About the Office of Research
The Office of Research, under the leadership of Oswald Steward, PhD, senior associate dean for research at UC Irvine School of Medicine, is dedicated to promoting world-class research.
Among our goals:
- We support and promote basic, clinical, and translational investigation in the School of Medicine
- We are dedicated to developing biomedical discoveries and innovations to improve health and the lives of millions.
UC Irvine Health researchers have received more than $150 million in funding in 2010-11, nearly half of the university’s total. Many biomedical technologies and therapies used to improve the nation's healthcare were developed by UC Irvine researchers.
Among the highlights of UC Irvine research programs are:
- Distinguished researcher-in-residence Irwin A. Rose received the 2004 Nobel Prize in chemistry. Rose, who shared the prize with Aaron Ciechanover and Avram Hershko of the Israel Institute of Technology, was honored for their discovery of the major pathway through which cellular building blocks, called ubiquitin proteins, are regulated by degradation.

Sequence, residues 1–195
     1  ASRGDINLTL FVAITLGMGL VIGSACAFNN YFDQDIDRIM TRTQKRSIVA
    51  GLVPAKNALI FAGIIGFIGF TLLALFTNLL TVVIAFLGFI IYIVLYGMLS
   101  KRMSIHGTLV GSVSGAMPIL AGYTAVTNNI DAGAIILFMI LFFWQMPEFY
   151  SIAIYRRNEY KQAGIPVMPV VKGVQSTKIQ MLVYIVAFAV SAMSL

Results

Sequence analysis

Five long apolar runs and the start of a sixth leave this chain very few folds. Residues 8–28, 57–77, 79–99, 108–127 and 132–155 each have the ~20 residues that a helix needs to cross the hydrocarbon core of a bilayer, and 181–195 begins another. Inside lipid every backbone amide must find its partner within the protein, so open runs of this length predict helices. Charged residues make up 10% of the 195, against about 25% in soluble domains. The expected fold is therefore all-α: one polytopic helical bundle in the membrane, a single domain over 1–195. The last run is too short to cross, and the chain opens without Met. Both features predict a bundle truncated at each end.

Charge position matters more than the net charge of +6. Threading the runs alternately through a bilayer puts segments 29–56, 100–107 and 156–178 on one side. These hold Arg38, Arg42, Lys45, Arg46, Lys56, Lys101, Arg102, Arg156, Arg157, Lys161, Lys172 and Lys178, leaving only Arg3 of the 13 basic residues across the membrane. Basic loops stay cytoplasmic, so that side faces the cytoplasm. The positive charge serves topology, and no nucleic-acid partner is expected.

- UC Irvine is one of only eight institutions nationwide to be named part of the NCI's Cancer Genetics Network, examining the complex interactions between genes and cancer. The NCI also chose the Chao Family Comprehensive Cancer Center as one of six in the nation to conduct studies on promising new cancer prevention drugs.
Among the prestigious honors our faculty members have received are:
- Election to the National Academy of Sciences for their distinguished and continuing achievements in original research: Anthony James, William H. Daughaday, Irwin A. Rose and Michael D. Cahalan.
- Election to the American Association for Advancement of Science: Michael Berns, Michael J. Buchmeier, Paolo Casali. Carl Cotman, Christine Gall, James Hall, Anthony James, John Marshall, Diane O'Dowd, Suzanne Sandmeyer, Eric Stanbridge, Robert Steele, Oswald Steward, Bert Semler and Andrea Tenner.